Charters’ Enrollment Gain May Hurt Public School Credit Ratings
Rising charter school enrollments may hurt credit ratings at public education systems in poor U.S. cities, according to a Moody’s Investors Service report.
Cleveland, Detroit, Washington, St. Louis and Kansas City, Missouri, where more than one in five students are enrolled in charter schools, have already seen significant movement from public grade schools and high schools, according to a statement today from Moody’s. Nationwide, about one in 20 students are signed up at charter schools, the report said.
Charter schools have thrived in some older cities where shrinking tax revenues have hurt services, including education, according to the report by Moody’s analysts Michael D’Arcy and Tiphany Lee-Allen. Charter schools can pull students and revenues away from districts faster than their systems can reduce costs, the authors said.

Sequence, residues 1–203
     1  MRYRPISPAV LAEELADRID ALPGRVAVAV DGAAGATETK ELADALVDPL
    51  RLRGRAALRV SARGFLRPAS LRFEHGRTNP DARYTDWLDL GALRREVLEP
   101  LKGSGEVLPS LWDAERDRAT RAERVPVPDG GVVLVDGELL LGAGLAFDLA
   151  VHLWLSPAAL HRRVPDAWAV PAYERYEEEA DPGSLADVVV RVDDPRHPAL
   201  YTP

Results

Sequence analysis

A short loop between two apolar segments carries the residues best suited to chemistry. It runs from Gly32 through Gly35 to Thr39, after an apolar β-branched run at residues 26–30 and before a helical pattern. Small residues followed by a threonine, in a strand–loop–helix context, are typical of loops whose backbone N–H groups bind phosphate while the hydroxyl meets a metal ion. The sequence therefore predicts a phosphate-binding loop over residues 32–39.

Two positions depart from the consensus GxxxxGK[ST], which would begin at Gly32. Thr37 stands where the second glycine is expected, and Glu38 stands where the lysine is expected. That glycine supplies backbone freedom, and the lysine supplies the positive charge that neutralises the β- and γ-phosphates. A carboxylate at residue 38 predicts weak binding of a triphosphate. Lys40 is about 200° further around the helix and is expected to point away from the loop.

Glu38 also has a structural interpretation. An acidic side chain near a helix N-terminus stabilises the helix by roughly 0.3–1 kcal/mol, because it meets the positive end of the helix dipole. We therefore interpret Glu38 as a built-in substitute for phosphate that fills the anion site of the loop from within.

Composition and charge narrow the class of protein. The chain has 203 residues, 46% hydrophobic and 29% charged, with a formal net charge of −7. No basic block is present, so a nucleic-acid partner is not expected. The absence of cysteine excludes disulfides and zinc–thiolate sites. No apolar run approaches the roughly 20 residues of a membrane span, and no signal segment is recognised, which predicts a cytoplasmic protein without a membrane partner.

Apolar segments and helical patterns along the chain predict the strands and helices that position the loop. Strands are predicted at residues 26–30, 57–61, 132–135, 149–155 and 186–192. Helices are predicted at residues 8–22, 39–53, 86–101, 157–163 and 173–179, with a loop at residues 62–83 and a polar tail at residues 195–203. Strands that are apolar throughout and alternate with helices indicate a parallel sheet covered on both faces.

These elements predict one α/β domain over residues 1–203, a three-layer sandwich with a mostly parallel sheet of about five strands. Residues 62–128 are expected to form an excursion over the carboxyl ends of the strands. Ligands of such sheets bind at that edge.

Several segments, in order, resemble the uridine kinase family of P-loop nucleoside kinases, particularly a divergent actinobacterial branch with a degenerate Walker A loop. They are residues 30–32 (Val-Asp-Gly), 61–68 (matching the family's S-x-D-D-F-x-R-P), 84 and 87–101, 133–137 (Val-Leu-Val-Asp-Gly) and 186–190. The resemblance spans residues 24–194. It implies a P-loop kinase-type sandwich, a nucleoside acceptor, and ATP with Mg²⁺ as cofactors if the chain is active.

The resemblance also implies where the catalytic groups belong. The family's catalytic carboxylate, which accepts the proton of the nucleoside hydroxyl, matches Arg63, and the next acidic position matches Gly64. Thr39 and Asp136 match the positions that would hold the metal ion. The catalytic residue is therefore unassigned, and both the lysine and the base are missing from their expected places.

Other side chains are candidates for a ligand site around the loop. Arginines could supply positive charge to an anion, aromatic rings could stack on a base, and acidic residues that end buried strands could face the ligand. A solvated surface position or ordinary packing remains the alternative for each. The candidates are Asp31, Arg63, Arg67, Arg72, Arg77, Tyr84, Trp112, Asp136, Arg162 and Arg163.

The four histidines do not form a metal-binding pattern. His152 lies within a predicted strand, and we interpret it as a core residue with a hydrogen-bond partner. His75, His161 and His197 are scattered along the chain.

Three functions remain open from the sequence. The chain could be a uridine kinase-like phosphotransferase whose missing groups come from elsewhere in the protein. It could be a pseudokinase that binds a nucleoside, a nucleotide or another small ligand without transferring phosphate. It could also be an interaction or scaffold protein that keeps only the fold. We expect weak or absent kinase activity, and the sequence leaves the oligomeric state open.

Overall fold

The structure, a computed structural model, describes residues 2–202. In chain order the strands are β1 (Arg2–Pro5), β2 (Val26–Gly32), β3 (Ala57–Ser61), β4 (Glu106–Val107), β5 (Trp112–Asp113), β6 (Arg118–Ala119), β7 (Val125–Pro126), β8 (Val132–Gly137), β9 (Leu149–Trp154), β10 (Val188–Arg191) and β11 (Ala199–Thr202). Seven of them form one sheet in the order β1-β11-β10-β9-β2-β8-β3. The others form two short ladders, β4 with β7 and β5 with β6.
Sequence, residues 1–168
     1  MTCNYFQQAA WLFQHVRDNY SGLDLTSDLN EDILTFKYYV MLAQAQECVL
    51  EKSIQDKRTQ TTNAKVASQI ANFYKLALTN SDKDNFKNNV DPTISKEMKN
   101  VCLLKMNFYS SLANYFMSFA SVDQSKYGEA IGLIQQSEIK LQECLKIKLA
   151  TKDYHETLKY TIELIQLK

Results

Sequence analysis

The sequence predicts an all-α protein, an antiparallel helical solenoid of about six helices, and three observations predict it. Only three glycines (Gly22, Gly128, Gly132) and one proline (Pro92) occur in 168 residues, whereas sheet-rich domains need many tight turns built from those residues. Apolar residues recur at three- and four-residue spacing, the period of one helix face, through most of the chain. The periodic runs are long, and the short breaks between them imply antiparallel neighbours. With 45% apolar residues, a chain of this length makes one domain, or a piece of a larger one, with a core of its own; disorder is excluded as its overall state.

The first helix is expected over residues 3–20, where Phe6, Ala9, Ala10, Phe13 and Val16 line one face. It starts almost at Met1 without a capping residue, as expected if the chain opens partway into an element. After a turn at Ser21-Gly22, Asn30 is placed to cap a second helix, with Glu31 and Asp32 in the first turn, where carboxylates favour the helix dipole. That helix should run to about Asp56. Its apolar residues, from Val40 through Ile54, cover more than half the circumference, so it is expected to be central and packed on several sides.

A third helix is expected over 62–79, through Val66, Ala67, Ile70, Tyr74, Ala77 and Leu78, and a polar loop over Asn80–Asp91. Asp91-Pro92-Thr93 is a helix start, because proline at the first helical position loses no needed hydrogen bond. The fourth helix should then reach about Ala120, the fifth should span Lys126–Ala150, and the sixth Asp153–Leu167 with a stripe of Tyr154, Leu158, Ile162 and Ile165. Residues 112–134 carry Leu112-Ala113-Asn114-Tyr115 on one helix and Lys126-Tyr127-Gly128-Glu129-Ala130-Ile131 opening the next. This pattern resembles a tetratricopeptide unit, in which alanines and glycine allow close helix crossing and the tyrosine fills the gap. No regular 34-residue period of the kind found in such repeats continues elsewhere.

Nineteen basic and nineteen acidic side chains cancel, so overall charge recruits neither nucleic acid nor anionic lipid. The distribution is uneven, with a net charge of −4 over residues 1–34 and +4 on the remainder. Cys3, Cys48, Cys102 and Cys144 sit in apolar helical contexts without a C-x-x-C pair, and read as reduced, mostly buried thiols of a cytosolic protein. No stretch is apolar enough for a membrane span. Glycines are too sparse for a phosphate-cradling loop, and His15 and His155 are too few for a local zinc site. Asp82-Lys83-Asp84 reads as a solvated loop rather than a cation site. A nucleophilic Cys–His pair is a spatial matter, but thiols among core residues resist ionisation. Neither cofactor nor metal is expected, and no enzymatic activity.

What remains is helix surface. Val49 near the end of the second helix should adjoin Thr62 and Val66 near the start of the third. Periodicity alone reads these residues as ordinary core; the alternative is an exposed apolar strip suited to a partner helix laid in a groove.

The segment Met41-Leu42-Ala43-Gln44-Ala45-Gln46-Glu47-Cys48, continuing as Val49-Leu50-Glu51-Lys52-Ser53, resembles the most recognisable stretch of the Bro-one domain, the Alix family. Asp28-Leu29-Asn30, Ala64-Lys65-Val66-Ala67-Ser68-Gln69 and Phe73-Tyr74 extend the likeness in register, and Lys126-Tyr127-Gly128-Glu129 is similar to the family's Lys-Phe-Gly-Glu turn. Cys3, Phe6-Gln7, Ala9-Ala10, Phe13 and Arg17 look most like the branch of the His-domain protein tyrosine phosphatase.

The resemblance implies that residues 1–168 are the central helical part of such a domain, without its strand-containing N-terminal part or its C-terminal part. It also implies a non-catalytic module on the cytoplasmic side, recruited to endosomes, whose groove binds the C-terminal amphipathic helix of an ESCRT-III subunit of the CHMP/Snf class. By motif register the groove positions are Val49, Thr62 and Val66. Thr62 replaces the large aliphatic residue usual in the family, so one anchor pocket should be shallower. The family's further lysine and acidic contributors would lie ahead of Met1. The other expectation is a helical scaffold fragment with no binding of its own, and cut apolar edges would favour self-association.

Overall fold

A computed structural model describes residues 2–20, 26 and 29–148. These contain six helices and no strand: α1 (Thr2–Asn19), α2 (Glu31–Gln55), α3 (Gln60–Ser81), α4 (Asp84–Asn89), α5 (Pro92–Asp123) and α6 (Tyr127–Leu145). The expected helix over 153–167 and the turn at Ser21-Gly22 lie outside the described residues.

“Districts may face institutional barriers to cutting staff levels, capital footprints and benefit costs over the short term given the intricacies of collective bargaining contracts -- leaving them with underutilized buildings and ongoing growth in personnel costs,” Lee-Allen said in the statement.
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